Someone on Facebook linked to a 5 year old post by Greta Christina about something that really annoys me as well, the claim by anyone who is fortunate in any way that God is blessing them and looking out for them. She begins with the example of a man who narrowly missed out on a tragic accident:
From USA Today, August 2 2007:
“Jim Koralesky, 63, who also attended the Mass [a prayer service held Thursday in honor of the bridge collapse victims], took the Interstate 35W bridge six times Wednesday before it collapsed. He was about to take it again a few minutes before 6 p.m. to go to Home Depot. But he said he ran into a friend in his parking lot and got involved in a conversation. After 15 minutes of chatting, he scuttled plans for his errand.
“‘It would have put me on that bridge around that time,’ he said. ‘Someone’s looking out for me.’”
And she responds:
Think about it. So what are the people who actually did die — chopped liver? Where was their guardian angel? The people who did die on the collapsed bridge, the people who did get shot at Columbine — God thought they deserved it? Or maybe God just didn’t care enough about them to save them? Was their guardian angel on a coffee break — or did their angel decide, “Eh, never mind, you can be on the bridge when it collapses”?
Obviously, not all religious people are insensitive enough to actually say this stuff out loud. (Especially at a service in honor of the people who did die, for fuck’s sake.) But I think it’s inherently implied; not in all religion, but in any religion that believes in an interventionist god or spirit that has the power to either cause or prevent the earthquake, the school shooting, the bridge collapse.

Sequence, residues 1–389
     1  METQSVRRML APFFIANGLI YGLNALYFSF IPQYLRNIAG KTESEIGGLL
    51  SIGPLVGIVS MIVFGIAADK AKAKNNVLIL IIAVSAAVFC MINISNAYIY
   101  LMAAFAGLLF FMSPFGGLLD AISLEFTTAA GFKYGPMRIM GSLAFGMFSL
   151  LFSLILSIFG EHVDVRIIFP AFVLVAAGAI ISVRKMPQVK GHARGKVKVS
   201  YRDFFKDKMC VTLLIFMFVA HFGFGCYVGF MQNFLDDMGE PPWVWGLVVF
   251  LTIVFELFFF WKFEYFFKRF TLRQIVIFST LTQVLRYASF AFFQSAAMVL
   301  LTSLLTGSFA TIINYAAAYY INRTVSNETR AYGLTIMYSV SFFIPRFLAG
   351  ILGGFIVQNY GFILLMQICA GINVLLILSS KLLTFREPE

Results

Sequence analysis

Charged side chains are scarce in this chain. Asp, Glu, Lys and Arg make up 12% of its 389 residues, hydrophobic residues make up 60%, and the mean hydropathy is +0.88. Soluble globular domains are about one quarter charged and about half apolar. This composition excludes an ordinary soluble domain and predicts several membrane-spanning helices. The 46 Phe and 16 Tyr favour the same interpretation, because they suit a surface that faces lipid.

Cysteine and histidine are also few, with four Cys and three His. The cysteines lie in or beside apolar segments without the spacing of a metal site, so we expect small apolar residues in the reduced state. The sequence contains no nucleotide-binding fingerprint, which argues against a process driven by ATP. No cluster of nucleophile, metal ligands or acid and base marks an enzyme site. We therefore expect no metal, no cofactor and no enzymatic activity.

When you say that your life is blessed by God — that you have your good job, your nice home, your happy family, your health and prosperity generally, all by the grace of God — the logical implication is that people who don’t have those things are cursed by God. The children born into starvation and war; the people whose homes are destroyed by tsunamis; the people who get slaughtered by crazy mass murderers; the children with birth defects or genetic diseases; the people who plunge to their death when a bridge collapses… either God doesn’t like them, or God doesn’t care about them.
When I was 24 years old, I got into a car accident. It was entirely my fault, as I ran a red light. I wasn’t drunk, I was just daydreaming as I drove and blew right through the red light, getting t-boned. I was very, very lucky. They had to cut me out of the car with the jaws of life, but I only suffered a concussion, some bruises and a fairly serious cut to my right ear, but that was easily fixed with no real damage. The other guy was in much worse shape, unfortunately.
The first person to reach the hospital was my sister, who only lived a few miles away. And the first thing she said to me was, “Boy, someone up there was really looking out for you.” Really? Really? Then that someone up there has terrible timing; if they were really “looking out for me” they would have stopped me from doing it. A completely innocent person who was doing nothing wrong at all was seriously injured because of that accident. Why wasn’t someone up there looking out for him?
People say these things while thinking that they’re showing humility, but the opposite is true. They’re really saying, whether they recognize it or not, that God specially favors them — and therefore specially screws up the lives of others. It’s about equal parts vile and irrational.